[12] The Kichwa notion of Pachamama portraits theportraits the idea of a female-gender being. Pacha= total, cosmos, time-space and realization. Mama =mother. From this perspective, Pachamama would be the female Time-Space of the total reality. Pachamama is understood as the articulation of three basic communities: nature community, human community and spirit community. The connection among these three communities implies spiritual, cultural, economic, political and ethical notions. The spiritual sphere has to do with the feeling-thought existence. In economic terms, it refers to profit for the benefit of the entire community. In cultural terms, it is related to reciprocity and development of care amongst the entire community. In political terms, it is related to the way communities and their relations are organized, whereas ethics looks for mutual raising or reciprocal accompaniment.

[13] Sumak Kawsay is the Andean paradigm of life, as in the West, it establishesit establishes progress and development as the ultimate realization of life; in the Andean vision, Sumakand Sumak Kawsay is the fullfillness of life, meaning the continuous process of incompleteness and accompaniment of the entire community.

[14] It expresses the entire range of light. It meant everything whose beauty or excellence would exceed those of others of the same kind, like a fruit, flower or tree. Huaca were also monstrous beings or ugly things that caused horror and amazement, such as the large Antis snakes. Huaca are the things that deviate from their natural course, such as the birth of twins, both among humans or animals, or the two-yolk egg, or breech-birth children, or children born with six fingers or toes, or humpbacked, or anyone with a major defect in his/her body or face like cleft leap or crossed eyes. (Luis E. Valcárcel: Historia del Perú Antiguo. ed. J. Mejía Baca. Lima, 1978).

[15] In agriculture, reproductive or vegetal multiplication material of varieties cultivated currently or in the past, of wild species and weeds and special genetic reserves. https://www.google.com.ec

[16] United Nations statement

[17] Art. 6. Number 2. Consulting in accordance with this Agreement shall be performed in good faith and in a way suited to the circumstances, in order to reach an agreement or achieve the acceptance on the measures proposed. IWT Agreement 169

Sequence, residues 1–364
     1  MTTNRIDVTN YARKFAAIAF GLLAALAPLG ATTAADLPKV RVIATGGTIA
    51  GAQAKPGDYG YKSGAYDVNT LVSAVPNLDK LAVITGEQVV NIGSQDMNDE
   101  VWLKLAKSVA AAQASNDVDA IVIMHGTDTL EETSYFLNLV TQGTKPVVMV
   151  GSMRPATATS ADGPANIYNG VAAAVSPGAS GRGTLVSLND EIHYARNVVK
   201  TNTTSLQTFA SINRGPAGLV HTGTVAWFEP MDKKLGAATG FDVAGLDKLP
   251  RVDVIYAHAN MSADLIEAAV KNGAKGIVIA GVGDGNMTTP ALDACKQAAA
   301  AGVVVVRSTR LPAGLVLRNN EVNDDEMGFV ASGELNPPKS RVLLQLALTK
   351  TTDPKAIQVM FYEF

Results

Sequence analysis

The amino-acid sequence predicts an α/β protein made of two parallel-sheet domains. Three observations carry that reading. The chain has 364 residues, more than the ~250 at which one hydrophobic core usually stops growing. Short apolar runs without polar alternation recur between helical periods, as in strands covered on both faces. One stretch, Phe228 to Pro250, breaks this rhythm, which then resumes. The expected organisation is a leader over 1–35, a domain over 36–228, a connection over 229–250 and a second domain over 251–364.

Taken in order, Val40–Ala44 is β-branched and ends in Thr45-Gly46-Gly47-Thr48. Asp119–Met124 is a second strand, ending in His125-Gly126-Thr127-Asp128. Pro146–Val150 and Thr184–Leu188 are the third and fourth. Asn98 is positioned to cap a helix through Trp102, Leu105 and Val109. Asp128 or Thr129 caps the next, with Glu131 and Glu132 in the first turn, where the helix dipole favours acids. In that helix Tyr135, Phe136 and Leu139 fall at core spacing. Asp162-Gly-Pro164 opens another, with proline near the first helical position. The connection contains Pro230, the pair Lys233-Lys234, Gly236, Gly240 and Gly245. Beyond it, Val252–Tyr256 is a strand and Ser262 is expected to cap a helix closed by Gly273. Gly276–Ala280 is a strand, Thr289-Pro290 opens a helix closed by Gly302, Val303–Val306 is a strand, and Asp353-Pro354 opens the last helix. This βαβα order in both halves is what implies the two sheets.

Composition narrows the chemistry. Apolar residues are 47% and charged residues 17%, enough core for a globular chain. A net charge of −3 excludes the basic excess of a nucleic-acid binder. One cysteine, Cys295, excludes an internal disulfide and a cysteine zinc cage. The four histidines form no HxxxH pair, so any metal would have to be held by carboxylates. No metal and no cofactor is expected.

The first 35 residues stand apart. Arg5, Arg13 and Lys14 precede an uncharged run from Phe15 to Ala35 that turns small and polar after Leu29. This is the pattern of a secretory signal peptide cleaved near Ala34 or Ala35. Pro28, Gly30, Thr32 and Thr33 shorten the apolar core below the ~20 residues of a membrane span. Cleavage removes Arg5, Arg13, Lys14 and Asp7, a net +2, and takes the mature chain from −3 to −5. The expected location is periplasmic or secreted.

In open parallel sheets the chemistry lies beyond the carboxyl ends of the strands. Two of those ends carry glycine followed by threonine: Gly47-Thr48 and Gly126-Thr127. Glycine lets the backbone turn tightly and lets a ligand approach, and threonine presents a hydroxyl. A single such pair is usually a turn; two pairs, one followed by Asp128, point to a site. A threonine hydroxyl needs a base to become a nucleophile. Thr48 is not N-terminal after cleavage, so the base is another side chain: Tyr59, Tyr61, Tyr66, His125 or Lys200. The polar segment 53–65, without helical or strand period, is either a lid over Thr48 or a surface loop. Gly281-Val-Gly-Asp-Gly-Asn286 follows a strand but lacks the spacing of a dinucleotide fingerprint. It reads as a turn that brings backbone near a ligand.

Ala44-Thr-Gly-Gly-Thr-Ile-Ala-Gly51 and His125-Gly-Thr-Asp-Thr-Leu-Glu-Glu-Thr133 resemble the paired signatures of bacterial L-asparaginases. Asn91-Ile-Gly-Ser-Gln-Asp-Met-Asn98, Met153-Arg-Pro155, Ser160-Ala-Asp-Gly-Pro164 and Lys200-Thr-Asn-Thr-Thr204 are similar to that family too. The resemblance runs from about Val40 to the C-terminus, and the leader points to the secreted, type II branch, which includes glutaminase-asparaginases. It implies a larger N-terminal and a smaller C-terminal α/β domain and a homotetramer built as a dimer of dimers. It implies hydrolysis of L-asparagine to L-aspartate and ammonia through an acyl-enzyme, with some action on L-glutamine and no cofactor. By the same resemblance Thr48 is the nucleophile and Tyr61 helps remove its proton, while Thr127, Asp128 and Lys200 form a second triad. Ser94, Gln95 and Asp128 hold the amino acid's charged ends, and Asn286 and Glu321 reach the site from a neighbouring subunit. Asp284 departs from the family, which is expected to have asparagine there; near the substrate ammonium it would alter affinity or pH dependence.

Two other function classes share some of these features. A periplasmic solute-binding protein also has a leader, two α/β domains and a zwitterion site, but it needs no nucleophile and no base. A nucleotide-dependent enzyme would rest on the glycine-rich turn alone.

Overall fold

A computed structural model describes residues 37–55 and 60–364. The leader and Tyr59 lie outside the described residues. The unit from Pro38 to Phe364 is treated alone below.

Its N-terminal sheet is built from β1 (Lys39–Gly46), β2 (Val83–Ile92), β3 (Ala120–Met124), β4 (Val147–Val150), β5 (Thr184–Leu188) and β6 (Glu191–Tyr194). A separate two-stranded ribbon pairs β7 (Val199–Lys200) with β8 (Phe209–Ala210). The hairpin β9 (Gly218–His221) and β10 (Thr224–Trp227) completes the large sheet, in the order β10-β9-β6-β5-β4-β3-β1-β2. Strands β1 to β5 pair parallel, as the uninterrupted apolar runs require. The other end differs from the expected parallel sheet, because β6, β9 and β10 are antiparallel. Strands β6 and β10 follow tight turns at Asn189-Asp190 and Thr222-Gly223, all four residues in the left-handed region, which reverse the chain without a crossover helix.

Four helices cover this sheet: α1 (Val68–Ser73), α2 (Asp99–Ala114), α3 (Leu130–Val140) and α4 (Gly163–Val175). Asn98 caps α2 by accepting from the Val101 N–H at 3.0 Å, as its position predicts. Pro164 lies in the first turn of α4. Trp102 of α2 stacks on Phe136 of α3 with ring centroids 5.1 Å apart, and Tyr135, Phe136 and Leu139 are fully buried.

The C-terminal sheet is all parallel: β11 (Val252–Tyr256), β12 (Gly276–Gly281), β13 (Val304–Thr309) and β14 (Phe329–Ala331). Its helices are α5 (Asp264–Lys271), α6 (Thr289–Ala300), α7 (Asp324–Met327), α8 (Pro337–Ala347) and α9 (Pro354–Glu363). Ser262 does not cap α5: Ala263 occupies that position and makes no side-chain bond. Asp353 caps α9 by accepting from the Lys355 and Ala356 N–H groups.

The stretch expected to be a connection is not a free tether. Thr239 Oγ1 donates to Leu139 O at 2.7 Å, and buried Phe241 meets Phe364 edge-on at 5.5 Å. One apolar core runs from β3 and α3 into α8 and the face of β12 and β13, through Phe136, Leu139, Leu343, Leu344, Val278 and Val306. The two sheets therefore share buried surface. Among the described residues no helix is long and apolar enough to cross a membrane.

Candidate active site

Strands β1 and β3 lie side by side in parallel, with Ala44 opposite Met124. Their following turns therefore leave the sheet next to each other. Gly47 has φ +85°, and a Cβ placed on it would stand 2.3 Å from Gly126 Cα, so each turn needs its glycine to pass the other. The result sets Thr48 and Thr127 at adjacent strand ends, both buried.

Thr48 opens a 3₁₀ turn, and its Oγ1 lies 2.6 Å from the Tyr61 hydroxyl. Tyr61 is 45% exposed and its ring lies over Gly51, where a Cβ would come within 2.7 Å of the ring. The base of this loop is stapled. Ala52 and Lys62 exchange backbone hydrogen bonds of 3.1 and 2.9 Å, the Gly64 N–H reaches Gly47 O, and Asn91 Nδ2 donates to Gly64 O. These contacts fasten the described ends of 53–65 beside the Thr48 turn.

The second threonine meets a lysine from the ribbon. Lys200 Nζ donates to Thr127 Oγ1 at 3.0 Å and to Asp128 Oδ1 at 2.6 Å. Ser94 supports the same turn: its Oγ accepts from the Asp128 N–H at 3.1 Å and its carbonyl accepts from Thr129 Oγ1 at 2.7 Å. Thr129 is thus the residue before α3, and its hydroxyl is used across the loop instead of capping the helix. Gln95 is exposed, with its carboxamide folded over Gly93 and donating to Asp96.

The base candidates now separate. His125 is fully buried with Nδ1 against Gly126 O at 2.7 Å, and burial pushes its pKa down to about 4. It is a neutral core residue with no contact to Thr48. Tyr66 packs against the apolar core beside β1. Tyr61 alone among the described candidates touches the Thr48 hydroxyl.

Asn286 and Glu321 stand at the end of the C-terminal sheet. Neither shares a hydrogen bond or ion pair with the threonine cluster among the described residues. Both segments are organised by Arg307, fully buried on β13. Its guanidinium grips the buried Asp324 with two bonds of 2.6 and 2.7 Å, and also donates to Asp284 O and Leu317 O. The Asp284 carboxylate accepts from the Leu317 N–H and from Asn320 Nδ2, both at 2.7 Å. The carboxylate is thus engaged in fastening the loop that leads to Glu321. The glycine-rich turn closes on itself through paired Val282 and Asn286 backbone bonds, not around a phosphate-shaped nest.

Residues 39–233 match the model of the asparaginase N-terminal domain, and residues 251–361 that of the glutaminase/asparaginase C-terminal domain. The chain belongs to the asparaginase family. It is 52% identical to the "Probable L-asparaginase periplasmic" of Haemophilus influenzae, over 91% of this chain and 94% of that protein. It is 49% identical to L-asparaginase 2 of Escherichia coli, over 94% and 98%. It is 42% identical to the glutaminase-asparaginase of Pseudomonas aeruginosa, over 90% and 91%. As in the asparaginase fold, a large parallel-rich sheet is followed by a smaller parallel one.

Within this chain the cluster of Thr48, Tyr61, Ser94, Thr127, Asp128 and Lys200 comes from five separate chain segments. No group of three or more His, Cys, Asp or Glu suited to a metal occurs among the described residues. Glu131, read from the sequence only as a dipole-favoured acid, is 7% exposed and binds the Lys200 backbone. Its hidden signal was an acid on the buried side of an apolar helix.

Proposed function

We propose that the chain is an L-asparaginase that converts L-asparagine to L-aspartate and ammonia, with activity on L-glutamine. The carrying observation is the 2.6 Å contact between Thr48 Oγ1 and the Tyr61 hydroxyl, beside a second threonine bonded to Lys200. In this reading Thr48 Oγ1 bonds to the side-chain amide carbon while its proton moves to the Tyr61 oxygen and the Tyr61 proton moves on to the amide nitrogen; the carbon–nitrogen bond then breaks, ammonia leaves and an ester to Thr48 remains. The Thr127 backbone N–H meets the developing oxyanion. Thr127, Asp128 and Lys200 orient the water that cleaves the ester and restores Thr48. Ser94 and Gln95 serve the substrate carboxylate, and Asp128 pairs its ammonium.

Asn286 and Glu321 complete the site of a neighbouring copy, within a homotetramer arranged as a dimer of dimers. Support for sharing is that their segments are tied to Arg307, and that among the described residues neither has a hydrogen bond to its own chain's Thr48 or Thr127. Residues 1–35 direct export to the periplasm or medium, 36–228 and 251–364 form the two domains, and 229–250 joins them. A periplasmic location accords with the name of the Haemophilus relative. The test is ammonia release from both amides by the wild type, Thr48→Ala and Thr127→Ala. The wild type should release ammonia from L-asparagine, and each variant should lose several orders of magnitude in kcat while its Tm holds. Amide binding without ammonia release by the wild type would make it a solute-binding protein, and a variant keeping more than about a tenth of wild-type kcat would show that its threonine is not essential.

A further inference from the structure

[18] Rostworowski, María, Estructuras andinas del poder, p. 99-101, Lima-Perú 1986.

[19] Shuar Federation Center - Original Solution to a Current Problem Sucúa – Ecuador - 1976.

[20] Guamote (1.992) and Cotacachi (1.994) Mayors, pioneer provinces in local administration and planning changes. Currently, other governability spaces are nationally represented by the Orellana, Zamora Chinchipe and Morona Santiago prefectures, particularly in terms of the Pachamama-Nature protection management and in the strengthening of ancestralof ancestral cultures’ know-how in the Ecuadorian Amazon region.

[21] It is necessary to point out that creation of the CODENPE, as a result of social mobilization and historical struggle, is cristalysedcrystalized in order to exercise the public policies ruling-role for this population group. For year 2003, CODENPE was able to produce public policies that dessapeareddisappeared in the emerging execution of social projects, in face of the lack of attention from State entities, created for that specific purpose. In future years, this practice significantly reduced the frequency of updating or reformulating public policies for the indigenous peoples. In accordance with Arts. 156 and 157, the CODENPE should be part of the national counsilscouncils for equality (in Spanish "Consejos Nacionales para la Igualdad") which), which shall have power in the formulation, mainstreaming, observation, follow up and evaluation of the policies referring to nationalities and peoples.

[22] The national counsilscouncils for equality are bodies responsible for ensuring full validity of rights and their exercise, as consacratedconsecrated under the Constitution and under human rights international instruments. The CounsilsCouncils shall exercise their powers in intercultural, human discapacity and mobility policymaking, in accordance with the law. To meet their objectives, there will be coordination with ruling and executing entities and with entities specialized in the protection of rights at all government levels.